Scott Dixon completes successful first test of windscreen prototype


Credit: Chris Jones / Courtesy of IndyCar

The Verizon IndyCar Series conducted its first official on-track test of a windscreen prototype earlier this week. The series, aided by Scott Dixon and Chip Ganassi Racing took to the ISM Raceway in Arizona to test the concept ahead of a possible introduction to the series in the not too distant future.

Dixon took to the track in his newly-liveried #9 PNC Bank Honda on Thursday for three different runs throughout the day. All three runs took place in different light conditions to see how visibility with the windscreen changed over time. Visibility was the key issue to be tested, as when Sebastian Vettel tested a similar concept for Formula One in practice for last year’s British Grand Prix at Silverstone, the Scuderia Ferrari driver complained of distortion. That concept was not tested on track ever again after that test, with the governing body of F1 instead opting to go with the controversial HALO device for this year.

Thankfully, however, there were no such problems for Dixon in the IndyCar concept. The New Zealander was largely positive after stepping out of the car, only complaining of a lack of cooling air through the cockpit:

“It’s hard to explain, but when you look through something like that, it does change – not the magnification, but almost like a magnification,” Dixon said after his first run, “Your brain and eyes just need to catch up with it and the longer I ran, I got more adapted to it. It needs some cooling just because you get no air flow through the car.”

Aside from having to get used to looking through a thick windscreen, Dixon cited the lack of noise as another major difference from driving the car with no screen. As the wind is redirected over the drivers head, there’s less wind-noise and less movement for the drivers head.

“The weirdest thing was just how quiet it is,” he continued, “You have no buffeting (of the driver’s head), the car feels very smooth. It feels like you’ve gone to a really luxury dampened car. It didn’t feel that you were going as fast because you didn’t have any air pressure through.”

Dixon completed running in late-afternoon and dusk to test the windscreen’s reaction to a setting sun. After that, a third run took place in full night conditions under the floodlights of the ISM Raceway.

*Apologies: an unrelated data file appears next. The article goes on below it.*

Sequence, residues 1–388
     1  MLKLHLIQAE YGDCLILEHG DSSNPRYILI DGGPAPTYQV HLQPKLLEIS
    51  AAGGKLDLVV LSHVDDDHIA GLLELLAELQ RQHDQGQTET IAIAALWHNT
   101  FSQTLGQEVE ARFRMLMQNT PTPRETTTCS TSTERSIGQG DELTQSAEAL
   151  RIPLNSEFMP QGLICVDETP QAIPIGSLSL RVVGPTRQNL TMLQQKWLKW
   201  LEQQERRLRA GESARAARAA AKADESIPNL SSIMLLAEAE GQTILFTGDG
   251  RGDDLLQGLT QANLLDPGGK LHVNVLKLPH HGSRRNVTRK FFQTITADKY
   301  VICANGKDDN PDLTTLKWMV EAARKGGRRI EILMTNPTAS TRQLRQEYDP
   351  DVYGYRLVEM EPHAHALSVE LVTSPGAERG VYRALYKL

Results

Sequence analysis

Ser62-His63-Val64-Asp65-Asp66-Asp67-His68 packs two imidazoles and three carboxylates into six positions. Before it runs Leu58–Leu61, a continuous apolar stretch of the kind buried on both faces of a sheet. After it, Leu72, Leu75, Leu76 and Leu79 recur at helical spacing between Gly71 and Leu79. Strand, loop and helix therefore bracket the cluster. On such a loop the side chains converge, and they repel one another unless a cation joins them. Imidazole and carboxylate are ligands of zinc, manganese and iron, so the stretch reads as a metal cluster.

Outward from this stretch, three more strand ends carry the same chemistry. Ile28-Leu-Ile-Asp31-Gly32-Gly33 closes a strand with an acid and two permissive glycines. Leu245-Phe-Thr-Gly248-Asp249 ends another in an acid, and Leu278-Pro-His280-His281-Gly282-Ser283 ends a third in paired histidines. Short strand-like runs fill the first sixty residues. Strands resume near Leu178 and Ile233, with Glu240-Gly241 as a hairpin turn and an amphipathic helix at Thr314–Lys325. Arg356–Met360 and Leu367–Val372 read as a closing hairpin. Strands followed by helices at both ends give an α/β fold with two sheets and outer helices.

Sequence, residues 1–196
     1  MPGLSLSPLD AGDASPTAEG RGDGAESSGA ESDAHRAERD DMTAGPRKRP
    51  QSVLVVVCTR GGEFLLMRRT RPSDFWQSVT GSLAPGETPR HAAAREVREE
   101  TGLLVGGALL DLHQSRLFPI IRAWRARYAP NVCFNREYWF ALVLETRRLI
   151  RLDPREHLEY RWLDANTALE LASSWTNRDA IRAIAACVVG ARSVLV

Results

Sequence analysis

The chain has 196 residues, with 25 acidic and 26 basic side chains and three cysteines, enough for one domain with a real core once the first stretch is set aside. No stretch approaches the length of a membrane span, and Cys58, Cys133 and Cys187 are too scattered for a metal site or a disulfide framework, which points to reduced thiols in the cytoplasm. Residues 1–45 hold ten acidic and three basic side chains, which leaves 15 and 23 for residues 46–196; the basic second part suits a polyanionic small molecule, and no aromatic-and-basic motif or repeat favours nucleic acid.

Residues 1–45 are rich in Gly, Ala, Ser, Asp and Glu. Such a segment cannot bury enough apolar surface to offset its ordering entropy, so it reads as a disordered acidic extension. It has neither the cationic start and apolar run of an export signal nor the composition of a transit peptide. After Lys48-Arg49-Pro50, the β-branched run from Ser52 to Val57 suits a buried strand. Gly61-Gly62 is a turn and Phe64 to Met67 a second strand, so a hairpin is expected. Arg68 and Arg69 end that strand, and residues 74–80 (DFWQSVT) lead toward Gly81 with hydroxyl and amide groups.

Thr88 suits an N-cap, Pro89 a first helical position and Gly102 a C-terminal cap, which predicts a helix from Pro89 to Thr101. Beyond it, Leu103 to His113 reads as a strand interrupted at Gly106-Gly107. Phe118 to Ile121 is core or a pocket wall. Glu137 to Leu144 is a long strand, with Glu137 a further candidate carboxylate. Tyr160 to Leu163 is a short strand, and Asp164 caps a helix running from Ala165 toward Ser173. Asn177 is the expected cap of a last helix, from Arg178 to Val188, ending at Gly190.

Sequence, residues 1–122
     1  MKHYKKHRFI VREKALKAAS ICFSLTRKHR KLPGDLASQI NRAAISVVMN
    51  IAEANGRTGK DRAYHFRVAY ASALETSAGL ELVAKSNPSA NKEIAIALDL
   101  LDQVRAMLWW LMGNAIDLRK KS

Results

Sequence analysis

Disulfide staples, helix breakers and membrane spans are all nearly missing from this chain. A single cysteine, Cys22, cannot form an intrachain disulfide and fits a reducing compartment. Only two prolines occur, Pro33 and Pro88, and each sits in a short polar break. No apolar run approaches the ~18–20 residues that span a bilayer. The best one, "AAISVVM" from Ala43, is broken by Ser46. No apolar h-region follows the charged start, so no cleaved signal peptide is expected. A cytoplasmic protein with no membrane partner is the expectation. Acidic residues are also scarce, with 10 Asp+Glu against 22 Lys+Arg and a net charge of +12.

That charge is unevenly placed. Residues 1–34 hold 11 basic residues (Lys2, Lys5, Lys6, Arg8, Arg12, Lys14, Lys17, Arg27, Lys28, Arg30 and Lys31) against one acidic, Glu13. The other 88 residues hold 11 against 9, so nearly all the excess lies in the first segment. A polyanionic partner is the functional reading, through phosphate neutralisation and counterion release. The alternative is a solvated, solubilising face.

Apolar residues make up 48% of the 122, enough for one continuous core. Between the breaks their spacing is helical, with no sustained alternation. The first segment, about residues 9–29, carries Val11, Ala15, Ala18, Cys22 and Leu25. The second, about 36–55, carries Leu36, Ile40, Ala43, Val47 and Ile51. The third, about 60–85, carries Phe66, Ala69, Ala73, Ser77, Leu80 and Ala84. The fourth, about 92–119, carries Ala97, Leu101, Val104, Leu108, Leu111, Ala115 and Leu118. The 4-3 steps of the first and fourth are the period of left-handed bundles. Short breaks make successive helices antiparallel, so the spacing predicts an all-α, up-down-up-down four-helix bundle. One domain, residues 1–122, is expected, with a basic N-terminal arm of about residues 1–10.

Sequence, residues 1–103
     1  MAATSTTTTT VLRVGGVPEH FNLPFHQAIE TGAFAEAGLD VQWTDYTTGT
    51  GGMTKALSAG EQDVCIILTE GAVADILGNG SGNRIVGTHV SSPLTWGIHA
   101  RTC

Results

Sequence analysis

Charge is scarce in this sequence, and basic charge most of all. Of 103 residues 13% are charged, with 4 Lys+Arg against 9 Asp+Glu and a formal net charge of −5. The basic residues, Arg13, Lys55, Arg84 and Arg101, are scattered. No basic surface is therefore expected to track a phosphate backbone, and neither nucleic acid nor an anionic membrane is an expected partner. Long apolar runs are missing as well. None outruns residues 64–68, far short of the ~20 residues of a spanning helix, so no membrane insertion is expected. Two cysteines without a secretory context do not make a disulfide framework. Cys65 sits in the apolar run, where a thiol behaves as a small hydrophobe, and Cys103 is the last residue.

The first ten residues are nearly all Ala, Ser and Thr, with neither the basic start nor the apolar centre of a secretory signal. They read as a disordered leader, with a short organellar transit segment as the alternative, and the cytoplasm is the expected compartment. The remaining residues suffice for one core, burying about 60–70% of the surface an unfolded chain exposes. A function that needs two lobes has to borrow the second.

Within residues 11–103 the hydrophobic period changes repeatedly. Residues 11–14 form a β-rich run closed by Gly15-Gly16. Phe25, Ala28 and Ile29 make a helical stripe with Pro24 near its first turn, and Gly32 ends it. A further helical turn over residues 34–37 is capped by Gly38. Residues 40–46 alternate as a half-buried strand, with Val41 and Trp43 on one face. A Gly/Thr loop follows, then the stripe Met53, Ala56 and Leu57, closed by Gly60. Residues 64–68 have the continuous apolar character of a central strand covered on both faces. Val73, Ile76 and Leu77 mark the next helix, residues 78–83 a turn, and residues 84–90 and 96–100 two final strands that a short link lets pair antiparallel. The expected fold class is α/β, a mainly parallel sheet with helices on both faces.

Credit: Shawn Gritzmacher / Courtesy of IndyCar

“We went through the biggest transition of lights,” Dixon said after the test, “The hardest was probably the first run where we had extreme sunlight to darkness right through (turns) 1 and 2.

“Out of all of them, the night time was the easiest – no (visual) transitions there. I think for us it was basically seeing if there was going to be glare issues or anything with the lights. But everything looks very good, I’m very happy and kudos to the Verizon IndyCar Series for getting it out there and running it.”

The Verizon IndyCar Series has been interested in bringing windscreens to the series for a number of years. Talks really began to hit overdrive in the wake of the tragic deaths of both Dan Wheldon and Justin Wilson. Wheldon was killed at Las Vegas Motor Speedway in 2011 when a multi-car pile-up threw his car, cockpit first, into the catch fence. Wilson lost his life when a piece of debris flew up into the air and struck him on the head at Pocono Raceway in 2015. 

The windscreen is IndyCar’s attempt at preventing head injuries. Made of a material called Opticor, which according to IndyCar’s director of safety and engineering, Jeff Horton, is stronger, lighter and easier to work with than the material used on F-16 fighter jet canopies. The windscreen is made in conjunction with PPG, who recently signed a long-term deal with the series to help produce these concepts.

The test took place under the supervision of IndyCar officials, including the president of competition and operations, Jay Frye. Whilst Frye was encouraged and pleased with how the initial running went, he maintained that there were still improvements to be made from what was learned during the day.

“We came here, we had a plan to run in light, at dusk and at dark. If any one of those had not gone well, we probably would not have been able to continue,” Frye explained. “They all went as well or better than we expected. Again, this is part of the process.

“Today was all about optics. It’s been in simulators, it’s been in wind tunnels, but until you actually put it on a real car with a real driver, there’s still that element that’s an unknown. Having Scott – which we sure appreciate what he did today and the Ganassi guys did a phenomenal job – it did what we thought it would do. Now we have to take it to that next step.”

Today, the ISM Raceway will be open to all competitors of the Verizon IndyCar series as pre-season testing continues. The season-opening round of the 2018 Verizon IndyCar Series, the Grand Prix of St Petersburg, will take place on March 11.